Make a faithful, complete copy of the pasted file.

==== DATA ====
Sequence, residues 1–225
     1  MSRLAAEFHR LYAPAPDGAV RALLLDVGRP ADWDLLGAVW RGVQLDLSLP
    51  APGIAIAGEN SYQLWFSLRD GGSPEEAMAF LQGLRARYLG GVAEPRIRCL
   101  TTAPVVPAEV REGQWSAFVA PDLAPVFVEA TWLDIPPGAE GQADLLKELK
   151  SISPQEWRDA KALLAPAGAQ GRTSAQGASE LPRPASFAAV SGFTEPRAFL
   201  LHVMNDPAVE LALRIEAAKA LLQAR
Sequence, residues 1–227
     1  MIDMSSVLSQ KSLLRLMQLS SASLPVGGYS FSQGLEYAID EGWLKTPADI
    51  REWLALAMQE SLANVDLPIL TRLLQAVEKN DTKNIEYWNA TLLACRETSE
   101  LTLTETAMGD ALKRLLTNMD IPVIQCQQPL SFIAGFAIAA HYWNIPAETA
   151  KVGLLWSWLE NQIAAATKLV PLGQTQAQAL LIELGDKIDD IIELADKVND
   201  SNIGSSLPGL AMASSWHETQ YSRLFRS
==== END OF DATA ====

Sequence, residues 1–225
     1  MSRLAAEFHR LYAPAPDGAV RALLLDVGRP ADWDLLGAVW RGVQLDLSLP
    51  APGIAIAGEN SYQLWFSLRD GGSPEEAMAF LQGLRARYLG GVAEPRIRCL
   101  TTAPVVPAEV REGQWSAFVA PDLAPVFVEA TWLDIPPGAE GQADLLKELK
   151  SISPQEWRDA KALLAPAGAQ GRTSAQGASE LPRPASFAAV SGFTEPRAFL
   201  LHVMNDPAVE LALRIEAAKA LLQAR
Sequence, residues 1–227
     1  MIDMSSVLSQ KSLLRLMQLS SASLPVGGYS FSQGLEYAID EGWLKTPADI
    51  REWLALAMQE SLANVDLPIL TRLLQAVEKN DTKNIEYWNA TLLACRETSE
   101  LTLTETAMGD ALKRLLTNMD IPVIQCQQPL SFIAGFAIAA HYWNIPAETA
   151  KVGLLWSWLE NQIAAATKLV PLGQTQAQAL LIELGDKIDD IIELADKVND
   201  SNIGSSLPGL AMASSWHETQ YSRLFRS